Damian Pargas new Professor of American History
As of 1 August 2017, Damian Pargas is the new Leiden University Chair of the History and Culture of North America.
Damian defended his PhD in Leiden in 2009 and has been working at the Institute for History as a university lecturer. He succeeds Professor Adam Fairclough who retired last year. Fairclough held the chair from 2005 to 2016. The Institute congratulates Damian Pargas with his appointment!
My interest in the history and culture of North America is as broad as the North American experience itself, but in my research I have always been particularly fascinated by the history of slavery and its aftermath. Since the obtainment of my PhD at Leiden University in 2009, I have published widely on the social history of African-American slaves in the 19th-century US South. My first book, The Quarters and the Fields (2010), was a comparative study of slave family life that focused on the various boundaries and opportunities that enslaved people were confronted with to create families, raise children, and protect their family units from external threats. My second book, Slavery and Forced Migration in the Antebellum South (2014) examined how enslaved people experienced forced removal—what it was like for them to be sold away, have to leave their homes and families, and start a new life somewhere else where they didn’t know anybody. I am currently working on a third book (which I hope will be out by 2020) that examines runaway slaves throughout North America, including the US North and South, as well as Canada and Mexico. I am especially interested in how runaway slaves navigated various “spaces of freedom” in North America. This book will be based on an NWO VIDI project that I am supervising, titled “Beacons of Freedom: Slave Refugees in North America, 1800-1860.”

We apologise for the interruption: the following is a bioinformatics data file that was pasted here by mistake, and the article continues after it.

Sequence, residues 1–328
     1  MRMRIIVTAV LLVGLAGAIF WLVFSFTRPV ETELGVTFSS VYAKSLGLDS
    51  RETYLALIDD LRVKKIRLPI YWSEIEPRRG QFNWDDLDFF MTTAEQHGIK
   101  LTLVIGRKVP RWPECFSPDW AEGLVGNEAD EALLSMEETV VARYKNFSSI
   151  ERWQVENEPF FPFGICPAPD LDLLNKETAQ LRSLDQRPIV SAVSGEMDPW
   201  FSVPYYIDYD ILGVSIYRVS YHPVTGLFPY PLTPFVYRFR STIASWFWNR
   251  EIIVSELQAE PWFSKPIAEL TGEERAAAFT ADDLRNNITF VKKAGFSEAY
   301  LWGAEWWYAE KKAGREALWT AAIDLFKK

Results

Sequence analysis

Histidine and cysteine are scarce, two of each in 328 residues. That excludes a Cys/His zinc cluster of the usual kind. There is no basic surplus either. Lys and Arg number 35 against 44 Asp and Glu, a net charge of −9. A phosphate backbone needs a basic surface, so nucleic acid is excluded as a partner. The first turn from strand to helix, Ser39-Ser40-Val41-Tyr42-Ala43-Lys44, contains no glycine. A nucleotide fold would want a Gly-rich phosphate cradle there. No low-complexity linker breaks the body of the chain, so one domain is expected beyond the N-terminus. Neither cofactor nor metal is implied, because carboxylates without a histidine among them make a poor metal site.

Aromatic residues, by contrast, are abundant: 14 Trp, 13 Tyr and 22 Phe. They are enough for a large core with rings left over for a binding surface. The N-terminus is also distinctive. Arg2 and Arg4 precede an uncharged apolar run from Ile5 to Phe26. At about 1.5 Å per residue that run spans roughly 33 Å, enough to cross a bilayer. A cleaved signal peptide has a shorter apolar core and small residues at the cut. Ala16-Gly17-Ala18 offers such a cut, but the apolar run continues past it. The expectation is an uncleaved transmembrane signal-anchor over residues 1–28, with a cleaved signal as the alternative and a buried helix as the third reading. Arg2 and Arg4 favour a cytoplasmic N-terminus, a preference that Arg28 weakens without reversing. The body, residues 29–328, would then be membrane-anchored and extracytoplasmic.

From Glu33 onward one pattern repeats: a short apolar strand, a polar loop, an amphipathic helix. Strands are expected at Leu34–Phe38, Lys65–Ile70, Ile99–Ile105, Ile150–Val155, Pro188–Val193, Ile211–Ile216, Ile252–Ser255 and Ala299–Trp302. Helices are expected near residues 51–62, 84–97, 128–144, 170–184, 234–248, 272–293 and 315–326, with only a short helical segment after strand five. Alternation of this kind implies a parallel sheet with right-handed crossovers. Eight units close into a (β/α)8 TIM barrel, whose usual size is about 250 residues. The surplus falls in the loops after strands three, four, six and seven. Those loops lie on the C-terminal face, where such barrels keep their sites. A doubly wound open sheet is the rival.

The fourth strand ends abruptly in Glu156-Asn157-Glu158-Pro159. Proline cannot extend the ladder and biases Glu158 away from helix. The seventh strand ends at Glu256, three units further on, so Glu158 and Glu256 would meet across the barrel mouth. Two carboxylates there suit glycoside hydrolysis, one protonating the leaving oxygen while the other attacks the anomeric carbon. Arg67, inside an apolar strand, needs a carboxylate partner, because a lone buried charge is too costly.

Despite my primary focus on North American history, I thoroughly enjoy collaborating with non-Americanists as well, and I can often be found at conferences and events that at first glance may not look like “American history” events. The American experience is poorly understood in isolation, and I am convinced that the interests of our discipline are best served when we look across borders (both geographical and disciplinary) and engage in dialogue with colleagues who work on similar themes but in other contexts. I have therefore worked quite a bit with scholars who are specialized in slavery in other parts of the world, for example. I have co-edited two books on global slavery (both forthcoming), am the founder and chief editor of the Journal of Global Slavery as well as a series editor of the Brill book series Studies in Global Slavery, and I am a founding member of the Leiden Slavery Studies Association. I often go out of my way to present my research at conferences that are not exclusively about America. Innumerable themes from North American history lend themselves to such cross-pollination. Placing American themes in global or international contexts reveals similarities, differences, interconnectedness, and processes of divergence and convergence between the North American experience and other parts of the world.
I thoroughly look forward to further contributing to the Institute for History’s excellent track record and developing new research projects in the years to come. I am also enthusiastic about teaching new courses on North American history to both undergraduate and graduate students.
Finally, I am especially excited about the opportunity to help solidify and give shape Leiden’s partnership with the new Roosevelt Institute for American Studies in Middelburg. The future of American studies at Leiden University looks promising indeed, and I am happy to be a part of it.